- Lack of support for older National Team players. This change in direction would likely end the careers of many older National Team players as many of them are either not skilled enough or do not desire to live overseas where they can continue their development as players.
- Inability to recruit desired athletes. Probably nothing challenges the implementation of this youth based movement more than the reality that recruiting athletes at younger ages with the desired athletic ability will be challenging in the U.S. The top athletes at those ages generally play another sport and USA Team Handball will be competing against colleges that can offer either full or partial scholarships. This risk is so pronounced that additional actions to address this recruiting challenge should probably be implemented in conjunction with or prior to establishing a future player focused residency program. (Separate recruiting initiative: Link <to be written>)
- Residency Program Costs. With the Residency Programs already in place this primarily is a change in focus/rebranding and could be executed for little or no cost. A level of support for athletes is already in place and while more is desired, it could continue at the same lever for the younger athletes envisioned. In terms of administration salaries are already being paid for 2 National Team coaches. These coaches are already providing training instruction and could simply be rehired as Sports Academy coaches or administrators. Additionally, as the focus would be entirely on player development USA Team Handball could also consider having just one coach so another salary could be freed up for other requirements like recruiting. Finally, while this is development program a handful of trips for competition is still desired. Ideally, these would take advantage of IHF challenge competitions where financial support is provided
- National Team Costs. By combining competition preparation with player development USA Team Handball was benefiting from certain cost efficiencies. With the decoupling of these two roles either more funding for National Team support will be needed or support to National Team will have to decrease. Assuming a decrease in funding, possible cuts include making the National Team coaching positions part time volunteer positions, eliminating all trips for friendly competitions, and even requiring athletes to fully fund or partially fund trips for qualification competitions. These are not pleasant possibilities to contemplate, but if the U.S. wants to get serious about future player development funding should be diverted from senior team programs.
- Recruiting Costs. It’s hard to see this program being successfully implemented without more resources being devoted to recruiting efforts. This may necessitate the hiring of a full time recruiting coordinator or require having another staff member devote significant man hours to this task. Additionally, there will likely be some travel costs if recruiting is to be more effective.
Timing for Implementation
This change could, in theory, be done immediately, but probably should be phased to coincide with upcoming Olympic and World Championship qualification. An implied (if not explicit) promise of support has been made to a number of athletes that don’t fit the development concept (i.e., they are significantly older) and an immediate change in focus would be unfair. Both, the men’s and women’s program can qualify for the 2016 Olympics by finishing first or second (if 2016 Olympics host Brazil finishes first) at the 2015 PANAM Games which take place in Toronto next July. While it’s unlikely either team will qualify they should be given that opportunity with the support that the current Residency Program model provides for training. Should they fail to qualify for the Olympics next July or even fail to qualify for the PANAM Games (via a qualification tournament in January, 2015) USA Team Handball will have a logical break point for redirecting the Residency Programs.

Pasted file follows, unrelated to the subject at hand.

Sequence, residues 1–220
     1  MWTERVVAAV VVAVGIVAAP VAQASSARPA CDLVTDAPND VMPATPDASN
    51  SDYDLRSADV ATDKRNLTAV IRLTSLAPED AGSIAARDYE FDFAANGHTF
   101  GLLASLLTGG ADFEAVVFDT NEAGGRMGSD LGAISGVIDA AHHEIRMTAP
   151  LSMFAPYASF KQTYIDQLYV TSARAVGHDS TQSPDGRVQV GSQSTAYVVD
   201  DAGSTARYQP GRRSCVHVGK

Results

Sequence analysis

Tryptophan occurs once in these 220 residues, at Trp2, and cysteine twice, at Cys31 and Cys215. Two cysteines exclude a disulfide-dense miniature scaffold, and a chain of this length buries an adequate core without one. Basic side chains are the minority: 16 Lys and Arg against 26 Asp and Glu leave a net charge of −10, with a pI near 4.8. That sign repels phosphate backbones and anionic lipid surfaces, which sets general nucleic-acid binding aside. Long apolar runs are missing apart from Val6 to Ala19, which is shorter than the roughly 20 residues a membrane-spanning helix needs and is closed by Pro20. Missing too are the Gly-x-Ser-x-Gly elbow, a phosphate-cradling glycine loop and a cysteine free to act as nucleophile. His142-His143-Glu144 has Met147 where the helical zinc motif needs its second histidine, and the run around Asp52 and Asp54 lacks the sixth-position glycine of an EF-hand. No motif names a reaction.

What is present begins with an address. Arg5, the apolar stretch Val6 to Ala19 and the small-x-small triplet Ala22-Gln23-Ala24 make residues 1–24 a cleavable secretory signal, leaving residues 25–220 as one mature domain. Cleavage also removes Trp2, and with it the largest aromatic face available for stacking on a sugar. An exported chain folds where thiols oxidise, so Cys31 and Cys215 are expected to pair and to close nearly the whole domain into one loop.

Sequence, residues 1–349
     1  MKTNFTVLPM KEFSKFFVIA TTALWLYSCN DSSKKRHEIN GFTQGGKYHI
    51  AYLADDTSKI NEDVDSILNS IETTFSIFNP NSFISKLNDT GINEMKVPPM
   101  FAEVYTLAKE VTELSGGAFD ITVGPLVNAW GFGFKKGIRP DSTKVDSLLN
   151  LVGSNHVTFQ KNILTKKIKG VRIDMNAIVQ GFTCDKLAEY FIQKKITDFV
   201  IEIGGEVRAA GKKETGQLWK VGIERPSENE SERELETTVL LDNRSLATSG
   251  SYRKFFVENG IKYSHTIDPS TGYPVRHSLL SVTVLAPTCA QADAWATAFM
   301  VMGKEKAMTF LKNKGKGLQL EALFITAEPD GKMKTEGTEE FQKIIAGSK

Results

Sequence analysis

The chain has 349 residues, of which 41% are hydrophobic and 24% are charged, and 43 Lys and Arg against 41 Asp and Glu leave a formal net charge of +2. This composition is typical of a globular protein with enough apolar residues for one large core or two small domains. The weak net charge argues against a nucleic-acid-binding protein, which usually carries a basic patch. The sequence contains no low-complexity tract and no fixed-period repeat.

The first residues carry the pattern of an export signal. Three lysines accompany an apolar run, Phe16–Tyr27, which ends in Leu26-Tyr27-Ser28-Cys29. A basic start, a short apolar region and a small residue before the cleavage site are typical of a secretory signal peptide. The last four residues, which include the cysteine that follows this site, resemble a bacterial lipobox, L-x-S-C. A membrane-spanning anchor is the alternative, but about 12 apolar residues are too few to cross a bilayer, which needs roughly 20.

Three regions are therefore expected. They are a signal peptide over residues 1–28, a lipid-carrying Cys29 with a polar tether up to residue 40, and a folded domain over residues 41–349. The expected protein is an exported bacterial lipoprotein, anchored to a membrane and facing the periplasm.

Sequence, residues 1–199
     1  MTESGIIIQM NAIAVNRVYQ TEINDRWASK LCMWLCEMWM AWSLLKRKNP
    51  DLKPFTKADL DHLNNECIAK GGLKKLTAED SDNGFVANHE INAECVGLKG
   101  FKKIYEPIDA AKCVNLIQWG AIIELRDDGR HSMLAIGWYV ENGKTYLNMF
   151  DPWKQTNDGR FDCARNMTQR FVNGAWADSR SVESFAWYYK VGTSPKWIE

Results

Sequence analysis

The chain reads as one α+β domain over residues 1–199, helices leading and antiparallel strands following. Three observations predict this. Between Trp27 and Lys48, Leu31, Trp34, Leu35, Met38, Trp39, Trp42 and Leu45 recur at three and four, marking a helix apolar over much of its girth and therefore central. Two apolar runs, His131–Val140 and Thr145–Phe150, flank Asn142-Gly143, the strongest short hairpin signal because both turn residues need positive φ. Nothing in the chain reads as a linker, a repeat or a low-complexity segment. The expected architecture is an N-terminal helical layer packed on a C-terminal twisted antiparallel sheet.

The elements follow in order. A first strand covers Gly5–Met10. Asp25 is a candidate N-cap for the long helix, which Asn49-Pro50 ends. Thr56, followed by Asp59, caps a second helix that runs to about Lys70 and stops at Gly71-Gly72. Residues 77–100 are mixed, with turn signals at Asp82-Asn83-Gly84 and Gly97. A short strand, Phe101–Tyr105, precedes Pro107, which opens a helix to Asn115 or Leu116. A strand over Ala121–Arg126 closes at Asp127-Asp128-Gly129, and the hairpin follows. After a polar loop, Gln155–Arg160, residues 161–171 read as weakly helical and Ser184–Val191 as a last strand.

Another logical break point for the Women will coincide with the 2015 World Championships. Due to Brazil’s winning of the 2013 World Championships, Pan America will have an unprecedented 6 spots for the 2015 World Championships to be played in December, 2015. The U.S. will have a decent chance of securing one of those spots at the 2015 Pan American Championships and this may support keeping the Women’s team intact through that tournament. The Men’s next World Championship qualification even will not take place until January, 2016 at the earliest, so it should be less of a consideration.
Well, it should come as no surprise that I am fully in favor of taking this bold step. Ideally, it would be better to implement such a program after we have further developed our collegiate club competitions and established some sort of High School competition, even if only in one U.S. city. Further, it would be better to have funding to support a recruiting budget. All of these shortcomings makes the chance of success somewhat iffy, but with the Auburn program in place it makes little sense to wait for those things to happen first.
Finally, the current state of our talent pool makes near term success very unlikely. If U.S. qualification prospects were more realistic I could enthusiastically support an all out run for 2016 qualification. The reality, however, simply doesn’t support it. Even 2020 is a bit of a stretch, but I think with a switch to a development focus, we could make a respectable run. And, more importantly start to populate our national team rosters with athletes that could really make a difference in 2024, when the U.S. might very well be hosting an Olympics.